DCSIMG
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American Red Cross photo postcard shows soldiers sending mail.
NPM 0.214896.119
American Red Cross photo postcard shows soldiers sending mail.
NPM 0.214896.119

At the end of the war, General John J. Pershing—commander of the American Expeditionary Forces (AEF)—wrote a letter that begins “My Fellow Soldiers.” Pershing expressed his profound respect and appreciation for the sacrifice, endurance, and will of those who served under him. Each member of the AEF received a copy of the message.

Letters were the primary form of communication between the home and military fronts and allowed both writers and recipients to preserve connections and share experiences. The selection of correspondence presented in this exhibition illuminates the relationships, thoughts, and emotions of the authors as they grappled with the effects of World War I.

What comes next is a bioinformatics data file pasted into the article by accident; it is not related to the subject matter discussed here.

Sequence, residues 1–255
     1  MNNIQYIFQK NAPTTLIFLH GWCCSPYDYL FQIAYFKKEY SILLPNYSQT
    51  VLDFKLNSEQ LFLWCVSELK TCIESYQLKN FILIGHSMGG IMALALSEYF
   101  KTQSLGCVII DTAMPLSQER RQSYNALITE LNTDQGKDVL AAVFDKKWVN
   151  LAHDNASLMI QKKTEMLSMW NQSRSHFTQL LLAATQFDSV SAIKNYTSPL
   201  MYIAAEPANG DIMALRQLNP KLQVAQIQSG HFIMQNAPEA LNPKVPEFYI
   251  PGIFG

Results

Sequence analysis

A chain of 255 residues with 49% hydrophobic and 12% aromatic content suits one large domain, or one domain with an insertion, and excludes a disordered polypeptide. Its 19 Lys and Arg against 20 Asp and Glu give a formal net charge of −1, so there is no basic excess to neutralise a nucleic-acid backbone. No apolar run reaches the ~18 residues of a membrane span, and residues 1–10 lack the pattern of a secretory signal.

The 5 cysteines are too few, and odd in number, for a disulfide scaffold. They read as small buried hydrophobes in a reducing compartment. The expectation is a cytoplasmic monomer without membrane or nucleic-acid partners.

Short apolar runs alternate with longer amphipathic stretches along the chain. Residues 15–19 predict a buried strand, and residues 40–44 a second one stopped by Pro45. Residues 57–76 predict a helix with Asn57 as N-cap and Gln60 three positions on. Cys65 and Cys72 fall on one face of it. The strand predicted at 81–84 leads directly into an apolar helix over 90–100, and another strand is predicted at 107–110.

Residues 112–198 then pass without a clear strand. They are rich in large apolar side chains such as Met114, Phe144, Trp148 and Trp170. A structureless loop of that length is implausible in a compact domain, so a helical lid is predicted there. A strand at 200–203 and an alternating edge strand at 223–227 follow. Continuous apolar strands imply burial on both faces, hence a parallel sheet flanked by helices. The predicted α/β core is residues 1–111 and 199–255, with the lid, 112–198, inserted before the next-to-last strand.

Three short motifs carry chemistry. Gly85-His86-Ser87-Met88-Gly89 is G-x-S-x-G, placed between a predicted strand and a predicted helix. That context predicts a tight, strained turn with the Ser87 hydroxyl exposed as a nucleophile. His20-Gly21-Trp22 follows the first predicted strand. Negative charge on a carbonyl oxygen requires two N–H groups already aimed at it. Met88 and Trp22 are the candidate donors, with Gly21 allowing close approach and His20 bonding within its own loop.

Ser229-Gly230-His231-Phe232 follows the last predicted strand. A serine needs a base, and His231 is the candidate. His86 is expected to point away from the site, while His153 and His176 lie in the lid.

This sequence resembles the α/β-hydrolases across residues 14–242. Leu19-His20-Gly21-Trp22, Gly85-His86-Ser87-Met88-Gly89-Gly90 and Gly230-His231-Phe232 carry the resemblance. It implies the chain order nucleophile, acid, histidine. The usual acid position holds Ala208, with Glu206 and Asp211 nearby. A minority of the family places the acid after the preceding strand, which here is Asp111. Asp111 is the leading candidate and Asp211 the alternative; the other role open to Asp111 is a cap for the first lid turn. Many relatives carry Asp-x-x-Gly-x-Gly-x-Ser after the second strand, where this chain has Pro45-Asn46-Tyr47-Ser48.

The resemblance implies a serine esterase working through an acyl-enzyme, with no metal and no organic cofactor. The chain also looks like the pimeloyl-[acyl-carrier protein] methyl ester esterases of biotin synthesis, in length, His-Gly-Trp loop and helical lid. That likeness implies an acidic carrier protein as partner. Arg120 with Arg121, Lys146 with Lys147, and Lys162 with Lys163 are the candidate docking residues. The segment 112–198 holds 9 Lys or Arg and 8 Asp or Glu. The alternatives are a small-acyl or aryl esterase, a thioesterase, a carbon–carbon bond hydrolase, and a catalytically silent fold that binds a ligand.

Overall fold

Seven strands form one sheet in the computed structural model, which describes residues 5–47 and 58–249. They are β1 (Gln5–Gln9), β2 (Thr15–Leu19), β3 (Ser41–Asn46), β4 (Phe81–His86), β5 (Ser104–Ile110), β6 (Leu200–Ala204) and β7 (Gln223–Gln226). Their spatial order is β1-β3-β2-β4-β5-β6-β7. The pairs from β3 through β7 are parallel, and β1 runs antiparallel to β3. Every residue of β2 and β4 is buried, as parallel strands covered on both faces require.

My Fellow Soldiers: Letters from World War I was created by the Smithsonian’s National Postal Museum in collaboration with the Center for American War Letters at Chapman University. This exhibition is made possible, in part, through the generous support of the Veterans of Foreign Wars.

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AEF solider at a Red Cross canteen with letter writing supplies, France, 1918.
Courtesy National Archives
AEF solider at a Red Cross canteen with letter writing supplies, France, 1918.
Courtesy National Archives
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American aid worker writing a letter for a wounded soldier, France, 1918.
Courtesy National Archives
American aid worker writing a letter for a wounded soldier, France, 1918.
Courtesy National Archives
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General Pershing at an American cemetery in France, Memorial Day 1919.
Courtesy National Archives
General Pershing at an American cemetery in France, Memorial Day 1919.
Courtesy National Archives
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Miss Irene Donnelly’s letter to her sweetheart Private Charles Eggeling.
Center for American War Letters Archives, Leatherby Libraries, Chapman University, CA
Miss Irene Donnelly’s letter.
Center for American War Letters Archives, Leatherby Libraries, Chapman University, CA